Biden picks North Carolina environmental regulator Michael Regan to lead EPA
President-elect Joe Biden will nominate Michael Regan, the top environmental regulator in North Carolina, to lead the Environmental Protection Agency, a source familiar with the decision confirmed to Axios.
Why it matters: If confirmed by the Senate, Regan would be the first Black man to head the agency, which will be tasked with strengthening environmental standards after four years of the Trump administration's aggressive efforts to undo Obama-era protections.
The big picture: Regan could be part of a slate of environmental and climate-related nominees expected to be announced as soon as this weekend, including former Michigan Gov. Jennifer Granholm for Energy Department head and Gina McCarthy for domestic climate czar.
- Regan emerged as the leading candidate for EPA after civil rights groups objected to the nomination of Mary Nichols, who led the California Air Resources Board.
Background: The North Carolina regulator brings ties to the environmental movement, having served in several senior roles with the Environmental Defense Fund in the 2010s, per his LinkedIn bio.
- The 44-year-old Regan also brings some EPA experience to the job, having served in multiple air quality roles there early in his career under Presidents Bill Clinton and George W. Bush.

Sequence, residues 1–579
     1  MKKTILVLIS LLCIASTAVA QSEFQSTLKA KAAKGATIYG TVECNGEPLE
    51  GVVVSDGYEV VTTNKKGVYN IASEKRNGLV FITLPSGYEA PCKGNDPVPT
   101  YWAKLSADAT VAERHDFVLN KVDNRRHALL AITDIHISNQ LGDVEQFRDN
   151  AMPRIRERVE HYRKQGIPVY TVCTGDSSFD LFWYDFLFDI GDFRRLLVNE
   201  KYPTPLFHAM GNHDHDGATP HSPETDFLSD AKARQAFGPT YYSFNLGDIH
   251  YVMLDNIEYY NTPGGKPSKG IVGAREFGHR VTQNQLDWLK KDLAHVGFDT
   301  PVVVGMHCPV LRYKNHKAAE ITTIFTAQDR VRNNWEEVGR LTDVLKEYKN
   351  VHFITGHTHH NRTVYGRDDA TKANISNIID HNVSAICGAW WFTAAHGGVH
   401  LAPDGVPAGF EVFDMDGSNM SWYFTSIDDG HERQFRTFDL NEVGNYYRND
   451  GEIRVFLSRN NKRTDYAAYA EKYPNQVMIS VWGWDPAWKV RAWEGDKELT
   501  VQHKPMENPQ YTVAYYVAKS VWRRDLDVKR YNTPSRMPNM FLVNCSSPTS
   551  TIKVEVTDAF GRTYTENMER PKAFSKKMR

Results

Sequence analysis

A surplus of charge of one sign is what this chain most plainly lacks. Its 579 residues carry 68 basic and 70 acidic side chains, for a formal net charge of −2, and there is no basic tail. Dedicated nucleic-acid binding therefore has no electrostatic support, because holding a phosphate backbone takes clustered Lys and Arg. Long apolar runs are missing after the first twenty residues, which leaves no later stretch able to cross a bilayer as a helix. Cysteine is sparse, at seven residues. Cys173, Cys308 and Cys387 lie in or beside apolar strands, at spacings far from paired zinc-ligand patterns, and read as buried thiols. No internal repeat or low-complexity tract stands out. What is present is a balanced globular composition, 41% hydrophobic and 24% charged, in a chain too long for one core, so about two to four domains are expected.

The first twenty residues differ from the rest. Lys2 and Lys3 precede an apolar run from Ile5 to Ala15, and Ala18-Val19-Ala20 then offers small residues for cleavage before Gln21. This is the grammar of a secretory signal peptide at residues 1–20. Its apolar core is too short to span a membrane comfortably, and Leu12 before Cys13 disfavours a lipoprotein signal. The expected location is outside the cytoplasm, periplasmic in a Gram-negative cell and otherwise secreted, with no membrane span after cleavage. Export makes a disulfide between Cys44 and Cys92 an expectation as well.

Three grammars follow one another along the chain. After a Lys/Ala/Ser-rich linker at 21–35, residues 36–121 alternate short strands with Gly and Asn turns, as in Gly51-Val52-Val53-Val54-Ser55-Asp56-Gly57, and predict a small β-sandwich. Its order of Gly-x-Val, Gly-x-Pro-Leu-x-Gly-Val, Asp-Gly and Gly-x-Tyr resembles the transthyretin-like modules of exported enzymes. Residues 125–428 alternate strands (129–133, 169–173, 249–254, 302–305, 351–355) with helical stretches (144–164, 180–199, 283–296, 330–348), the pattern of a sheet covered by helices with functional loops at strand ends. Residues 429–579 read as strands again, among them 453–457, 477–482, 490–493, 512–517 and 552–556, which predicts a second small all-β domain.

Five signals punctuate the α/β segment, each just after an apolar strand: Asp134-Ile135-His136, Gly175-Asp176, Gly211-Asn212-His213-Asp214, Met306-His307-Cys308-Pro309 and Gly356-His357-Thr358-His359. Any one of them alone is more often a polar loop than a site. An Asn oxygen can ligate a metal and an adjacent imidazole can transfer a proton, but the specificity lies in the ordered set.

- His record in North Carolina includes a major settlement with utility giant Duke Energy on cleaning up wastes from coal-fired power production called coal ash.
What they're saying: Multiple environmental groups cheered the pick, including the League of Conservation Voters — which has close ties to the Democratic establishment — and 350.org, which part of the left flank of the green movement.
What we're watching: Regan's mandate at EPA will include breathing life into the Biden administration's vow to increase emphasis on the disproportionate pollution burdens faced by the poor and communities of color.
- "[I]t will be critical for Regan to listen to and center the needs of environmental justice communities in the EPA’s policy making," Tiernan Sittenfeld, a senior LCV official, said in a statement.
Go deeper: What to make of the rest of Biden's climate and energy picks